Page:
If you are trying to get a job as a stockbroker, you have surely heard of the Series 7 exam. You might even already be studying Brainscape's award-winning Series 7 flashcards that we made with Knopman Marks.
Also known as the General Securities Representative exam, the Series 7 is required of anyone who makes trades on all types of corporate securities, excluding commodities and futures. Anyone who wants to work with financial instruments such as stocks, call and put options, or bonds needs to pass this exam administered through FINRA, the Financial Industry Regulatory Authority. It is also required for other positions like insurance agents, financial planners, or advisers.
However, before taking the exam, you need to be sponsored by a FINRA member firm. How do you beat this catch-22 and get prepared to take the Series 7 exam?
Brainscape is here to help. In this article, we're introducing the Series 7 sponsorship problem and 7 steps you need to take to get a sponsor.
Getting started on your career with Series 7
Unfortunately, when you are just starting out in your career, the requirement to be sponsored by an employer can feel like a catch-22.
Here's the thing: in order to qualify to take the Series 7 exam, you need to be sponsored by a member firm, a self-regulatory organization (SRO), or an exchange associated with FINRA. This means that until you are employed in a position that would require the Series 7 exam for daily tasks, you cannot even sit for the Series 7 test.
Often, this is incredibly frustrating for job seekers. Many seemingly low-level positions require the exam upfront. After the financial crisis, many companies are less willing to take on sponsorship of potential employees when already licensed professionals are searching for work. It can seem at times that there is no way to get your foot in the door.
Finding Series 7 sponsorship
However, there are several steps you can take to get access to the Series 7 exam and start your securities career.
1. Browse company descriptions on job boards
Often companies that are willing to sponsor you to sit for the Series 7 exam will mention this directly in their company bio. Positions in these companies that require the Series 7 as a base requirement may actually be more flexible with sponsorship if you can prove that you have done your research.
2. Look for mid-size firms that are hiring assistants
Often smaller companies do not have the resources to sponsor you, and the largest firms are the most competitive. Many mid-size firms, on the other hand, are often willing to hire someone with the qualifications for the job but who has yet to sit for the exam. In particular, assistant positions are often less likely to require the Series 7 up front. You can do research on FINRA member firms here or on the North American Securities Administrators Association (NASAA) website.
3. Be persistent, patient, and wait out the market
Any job search requires a lot of determination and dedicated browsing. As this industry is very dependent upon current market conditions, the availability of entry-level jobs ebbs and flows with its changes. Take note of any upturns in the market, as well as which firms are experiencing particular growth. They will be most likely to look for new professionals.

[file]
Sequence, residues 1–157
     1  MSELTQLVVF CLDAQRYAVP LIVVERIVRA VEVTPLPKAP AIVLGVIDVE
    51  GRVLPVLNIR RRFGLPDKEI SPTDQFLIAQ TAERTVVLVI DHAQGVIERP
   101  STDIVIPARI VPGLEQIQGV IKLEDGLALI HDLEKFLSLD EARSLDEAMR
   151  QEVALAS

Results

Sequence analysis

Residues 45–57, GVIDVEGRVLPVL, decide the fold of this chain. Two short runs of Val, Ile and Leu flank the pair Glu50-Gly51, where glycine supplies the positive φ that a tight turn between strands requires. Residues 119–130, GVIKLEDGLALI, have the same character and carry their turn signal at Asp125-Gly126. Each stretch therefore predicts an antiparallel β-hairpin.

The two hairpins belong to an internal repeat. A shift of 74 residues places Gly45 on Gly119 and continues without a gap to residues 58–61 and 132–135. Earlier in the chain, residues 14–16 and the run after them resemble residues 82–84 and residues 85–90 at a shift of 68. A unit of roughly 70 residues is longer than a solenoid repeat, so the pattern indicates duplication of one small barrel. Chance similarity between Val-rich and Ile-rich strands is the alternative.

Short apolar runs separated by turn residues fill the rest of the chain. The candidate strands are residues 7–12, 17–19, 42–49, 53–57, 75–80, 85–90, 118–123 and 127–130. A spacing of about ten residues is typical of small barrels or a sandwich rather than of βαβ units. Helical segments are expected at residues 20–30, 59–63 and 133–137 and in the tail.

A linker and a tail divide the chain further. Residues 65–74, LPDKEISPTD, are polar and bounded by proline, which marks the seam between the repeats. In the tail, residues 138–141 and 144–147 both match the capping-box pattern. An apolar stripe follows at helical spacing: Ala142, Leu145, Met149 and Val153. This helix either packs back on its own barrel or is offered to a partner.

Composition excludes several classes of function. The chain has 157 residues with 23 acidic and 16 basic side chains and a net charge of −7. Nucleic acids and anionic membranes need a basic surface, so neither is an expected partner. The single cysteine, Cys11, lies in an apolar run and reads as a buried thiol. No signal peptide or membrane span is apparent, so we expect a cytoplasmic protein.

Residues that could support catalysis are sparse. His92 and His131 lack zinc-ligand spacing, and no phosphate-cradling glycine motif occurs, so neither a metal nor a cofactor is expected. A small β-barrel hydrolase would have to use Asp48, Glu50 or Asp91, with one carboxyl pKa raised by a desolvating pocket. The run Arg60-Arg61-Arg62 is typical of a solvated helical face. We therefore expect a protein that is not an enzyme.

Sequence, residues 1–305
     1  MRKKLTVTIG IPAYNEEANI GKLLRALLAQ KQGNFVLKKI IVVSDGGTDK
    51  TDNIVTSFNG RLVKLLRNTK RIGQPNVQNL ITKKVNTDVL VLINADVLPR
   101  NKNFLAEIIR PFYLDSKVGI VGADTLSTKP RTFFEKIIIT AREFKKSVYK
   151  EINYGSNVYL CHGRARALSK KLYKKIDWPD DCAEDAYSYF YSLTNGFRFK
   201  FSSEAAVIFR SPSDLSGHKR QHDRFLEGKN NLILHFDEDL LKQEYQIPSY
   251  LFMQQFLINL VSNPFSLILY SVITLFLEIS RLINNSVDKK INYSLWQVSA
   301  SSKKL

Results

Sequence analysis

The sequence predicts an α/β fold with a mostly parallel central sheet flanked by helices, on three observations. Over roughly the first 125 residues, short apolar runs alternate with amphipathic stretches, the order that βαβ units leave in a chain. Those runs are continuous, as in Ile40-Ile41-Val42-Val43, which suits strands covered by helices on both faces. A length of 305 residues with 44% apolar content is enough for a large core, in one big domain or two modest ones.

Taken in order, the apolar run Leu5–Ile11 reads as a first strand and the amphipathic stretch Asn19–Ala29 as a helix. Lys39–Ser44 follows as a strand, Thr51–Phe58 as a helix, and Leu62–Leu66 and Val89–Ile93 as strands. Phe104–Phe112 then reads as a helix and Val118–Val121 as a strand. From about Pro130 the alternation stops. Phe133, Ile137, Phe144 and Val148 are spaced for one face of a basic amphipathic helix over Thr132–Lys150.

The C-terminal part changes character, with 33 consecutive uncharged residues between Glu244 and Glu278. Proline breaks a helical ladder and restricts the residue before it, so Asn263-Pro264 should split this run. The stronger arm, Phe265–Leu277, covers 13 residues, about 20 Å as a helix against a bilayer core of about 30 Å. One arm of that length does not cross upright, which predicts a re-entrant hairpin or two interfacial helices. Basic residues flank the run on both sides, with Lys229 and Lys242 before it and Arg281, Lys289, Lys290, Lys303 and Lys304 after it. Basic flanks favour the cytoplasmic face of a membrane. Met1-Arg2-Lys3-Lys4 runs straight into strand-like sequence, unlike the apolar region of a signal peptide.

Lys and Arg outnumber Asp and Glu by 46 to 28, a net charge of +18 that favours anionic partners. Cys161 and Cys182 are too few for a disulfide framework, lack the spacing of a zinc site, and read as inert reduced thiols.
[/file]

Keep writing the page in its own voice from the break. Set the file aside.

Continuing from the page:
4. Be prepared to take the Series 7 exam at any moment
Even if you may have no particular sponsorship prospects now, that could change at any minute, and you need to be prepared. You should already be studying for the Series 7 exam every day. Read up on the exam in detail at the FINRA website. Take practice exams often to maximize your score. Learn about the individual sections and determine what areas you need to work on more. By doing all that initial prep work, not only will you be able to take the exam as soon as you find a potential sponsor, but you will also be more knowledgeable during interviews.
5. Invest in Series 7 test prep
Not only do test preparation materials make you more likely to pass the exam when the time comes, but when you are able to tell employers that you have been preparing using this strategy, it shows that you are taking your career seriously. You can find private tutors who can coach you through the process or invest in testing software from big companies like Kaplan, Barron’s, or – our partner and favorite – Knopman Marks.
If you do not have hundreds/thousands of dollars to spend on Series 7 preparation, you can still get quality test prep through smaller companies like Brainscape, for lower prices; check out our Series 7 comprehensive flashcard review collection to start studying today.
The important thing is to show you have made a real effort already, so that employers will be willing to invest in you too.
6. Network, network, network
You are most likely to hear about good leads for a Series 7 sponsorship from other professionals in the industry. Go to any events you can with finance professionals or stockbrokers. The connections you form will be the key to building your career.
The best tip for studying
Your career as a stockbroker depends on passing the Series 7 exam. If you follow these tips, though, you are much more likely to successfully find the sponsorship you need to prepare for a long, successful finance career. And if you want to pass the Series 7 exam, then you'll need to prepare in advance and study effectively.
We've got your back here as well.
Brainscape is a web and mobile flashcards app that use the scientifically proven method of confidence-based repetition to help you study large amounts of study materials effectively. The Series 7 is a detail-oriented and technical exam that will require a large degree of memorization. Flashcards are one of the top methods to study exams like this—and ace them.
We are sure you have what it takes to pass and be an excellent broker with the right study habits. Let Brainscape’s Series 7 comprehensive flashcard review be the place you start.